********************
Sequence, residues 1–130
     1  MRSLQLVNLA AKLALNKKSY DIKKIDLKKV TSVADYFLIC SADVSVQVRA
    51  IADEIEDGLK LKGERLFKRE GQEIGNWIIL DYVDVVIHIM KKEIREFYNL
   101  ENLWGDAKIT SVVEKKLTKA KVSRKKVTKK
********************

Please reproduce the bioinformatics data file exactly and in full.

Sequence, residues 1–130
     1  MRSLQLVNLA AKLALNKKSY DIKKIDLKKV TSVADYFLIC SADVSVQVRA
    51  IADEIEDGLK LKGERLFKRE GQEIGNWIIL DYVDVVIHIM KKEIREFYNL
   101  ENLWGDAKIT SVVEKKLTKA KVSRKKVTKK